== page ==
U.S. farmers on Thursday celebrated the approval of free trade agreements with South Korea, Colombia and Panama, saying the pacts will increase demand for their products, though American consumers shouldn't see a drastic increase in overall food prices.
Congress approved the agreements Wednesday night, calling for the elimination of tariffs on U.S. products exported to those countries.
Farm exports are expected to increase by $2.3 billion and 20,000 agriculture-related jobs are expected to be created under the agreements, which will gradually be phased in.
"Other parts of the economy will benefit, but none more so than agriculture," said U.S. Agriculture Secretary Tom Vilsack. Farm exports are expected to reach $137 billion over the next year.
From corn, pork and cattle to cherries, orange juice and honey, tariffs on U.S. agricultural products shipped to South Korea, Colombia and Panama will be eliminated. Some will be eliminated immediately. Others will be phased out over a period of time as outlined in each of the pacts.
While demand will rise and amounts paid to producers are expected to increase, the effect on the prices consumers pay is expected to be negligible for many products.
"This is such a good deal because they don't like the same pieces of meat we like," said Iowa State University economist Dermot Hayes, who published a study earlier this year about the effects the free trade agreements would have on the U.S. pork industry. "Because they like other pieces _ they buy the head, shoulder, feet _ they may have no effect on our tenderloins.
"By increasing prices of those, potentially, it could reduce prices for consumers because producers don't need to make as much on cuts that are popular here," Hayes said.
U.S. consumers may notice increases in certain produce items, however. The impact isn't as drastic for products whose tariffs are being phased out over time, said Chad Hart, another Iowa State economist.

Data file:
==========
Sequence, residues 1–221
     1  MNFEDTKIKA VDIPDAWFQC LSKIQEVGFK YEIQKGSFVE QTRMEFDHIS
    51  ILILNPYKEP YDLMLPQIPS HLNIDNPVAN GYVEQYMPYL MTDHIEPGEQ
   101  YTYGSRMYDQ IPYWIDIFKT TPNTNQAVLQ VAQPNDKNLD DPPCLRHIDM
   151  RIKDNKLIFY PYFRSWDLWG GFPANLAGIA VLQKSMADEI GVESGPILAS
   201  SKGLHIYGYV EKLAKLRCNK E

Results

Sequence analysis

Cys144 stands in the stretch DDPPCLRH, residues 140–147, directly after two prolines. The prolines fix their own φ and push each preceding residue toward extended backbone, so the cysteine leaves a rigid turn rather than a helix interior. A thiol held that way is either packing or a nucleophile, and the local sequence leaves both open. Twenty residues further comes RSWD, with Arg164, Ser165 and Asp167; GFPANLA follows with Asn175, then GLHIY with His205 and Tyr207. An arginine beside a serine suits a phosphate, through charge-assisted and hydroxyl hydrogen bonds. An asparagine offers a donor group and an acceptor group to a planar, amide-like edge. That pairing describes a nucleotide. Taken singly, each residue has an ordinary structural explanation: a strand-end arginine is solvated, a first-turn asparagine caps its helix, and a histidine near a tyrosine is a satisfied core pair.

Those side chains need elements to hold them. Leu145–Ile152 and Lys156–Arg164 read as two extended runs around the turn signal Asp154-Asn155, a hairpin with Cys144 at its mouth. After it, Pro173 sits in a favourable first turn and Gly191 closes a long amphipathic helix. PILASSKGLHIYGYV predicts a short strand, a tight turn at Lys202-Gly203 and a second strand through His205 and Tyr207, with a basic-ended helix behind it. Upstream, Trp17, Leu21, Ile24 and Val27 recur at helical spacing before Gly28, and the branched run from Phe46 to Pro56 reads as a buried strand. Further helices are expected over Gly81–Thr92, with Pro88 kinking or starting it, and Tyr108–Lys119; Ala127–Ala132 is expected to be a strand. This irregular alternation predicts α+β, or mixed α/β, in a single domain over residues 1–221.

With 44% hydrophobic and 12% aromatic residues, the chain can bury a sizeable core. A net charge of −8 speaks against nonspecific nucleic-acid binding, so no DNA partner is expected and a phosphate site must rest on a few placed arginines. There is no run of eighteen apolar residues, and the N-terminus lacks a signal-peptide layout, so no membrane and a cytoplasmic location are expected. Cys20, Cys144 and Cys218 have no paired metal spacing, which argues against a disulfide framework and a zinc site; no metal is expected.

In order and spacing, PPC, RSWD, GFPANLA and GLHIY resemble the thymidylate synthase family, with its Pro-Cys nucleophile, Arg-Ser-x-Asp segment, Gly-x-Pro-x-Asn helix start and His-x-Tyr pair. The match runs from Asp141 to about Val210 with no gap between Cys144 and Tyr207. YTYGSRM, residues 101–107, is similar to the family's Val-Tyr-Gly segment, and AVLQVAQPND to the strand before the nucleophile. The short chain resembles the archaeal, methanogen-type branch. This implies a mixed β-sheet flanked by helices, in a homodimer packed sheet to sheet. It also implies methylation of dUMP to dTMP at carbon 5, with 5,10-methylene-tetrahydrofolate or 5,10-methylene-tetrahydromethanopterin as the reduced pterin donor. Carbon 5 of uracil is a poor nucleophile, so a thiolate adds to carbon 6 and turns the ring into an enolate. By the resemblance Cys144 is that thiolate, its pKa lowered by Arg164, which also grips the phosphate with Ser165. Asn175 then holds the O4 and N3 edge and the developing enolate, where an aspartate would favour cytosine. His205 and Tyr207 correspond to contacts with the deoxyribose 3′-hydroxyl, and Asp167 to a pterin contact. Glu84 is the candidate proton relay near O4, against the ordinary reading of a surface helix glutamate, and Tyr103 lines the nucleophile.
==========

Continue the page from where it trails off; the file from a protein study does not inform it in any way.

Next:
For example, South Korea had a 24 percent tariff on cherries that will be eliminated immediately. South Korea had a 45 percent tariff on apples that will be phased out over a 10-20 year period, "creating much slower impact," Hart said.
"The idea is those products affected immediately will see the shock up front," Hart said. "Those more slowly rolled back gives the market more time to adjust."
Hayes noted said the agreements will add about $11 per head for U.S. produced hogs, but that will be phased in slowly.
Bill Donald, a rancher from Melville, Mont., and president of the National Cattlemen's Beef Association, said exports add about $200 per head for cattle. And when it comes to beef products, those shipped to some other countries, such as South Korea, "aren't as important to the U.S. consumer."
He said various parts, including the tongue, are popular there but not as sought after in the U.S. "so it should not have that much of an impact" on consumer prices.
Beef exports total about $850 million a year and he said that is expected to increase to about $1.8 billion by the time the trade agreements are fully implemented.
Officials and farmers also say the agreement with South Korea could help open doors to increased trade with China and Japan.
"If we have some success with Korea, hopefully other countries will see that," Donald said.
Besides eliminating tariffs on U.S. products, the agreements will open U.S. markets to products from those countries, Vilsack said.
Sam Carney, an Iowa pork producer and chairman of the National Pork Producer's Council's Trade Policy Committee, called the trade agreements "great news" for all of agriculture.
"You produce more pigs, you need more people working at plants, more processors, more transportation and that requires more jobs," Carney said. "It's nothing but a plus, plus for everyone."
Chad Blindauer, chairman a South Dakota corn producer and chairman of the National Corn Growers Association's Trade and Biotechnology action team, said the U.S. was losing some of the Korean market because of a European free trade agreement that went into effect July 1. He said the agreements approved by Congress will assure the Korean corn market is maintained.
"The impact is pretty big," said Blindauer, who grows about 2,500 acres of corn near Mitchell, S.D. "Historically, South Korea has been the No. 3 buyer of U.S. corn, so it's a big market for us."
While Colombia and Panama are smaller markets, they are still important, officials said.
Blindauer said they may not buy raw corn, but they will want distillers grains, a high-quality feed for livestock that is a byproduct of the ethanol industry.
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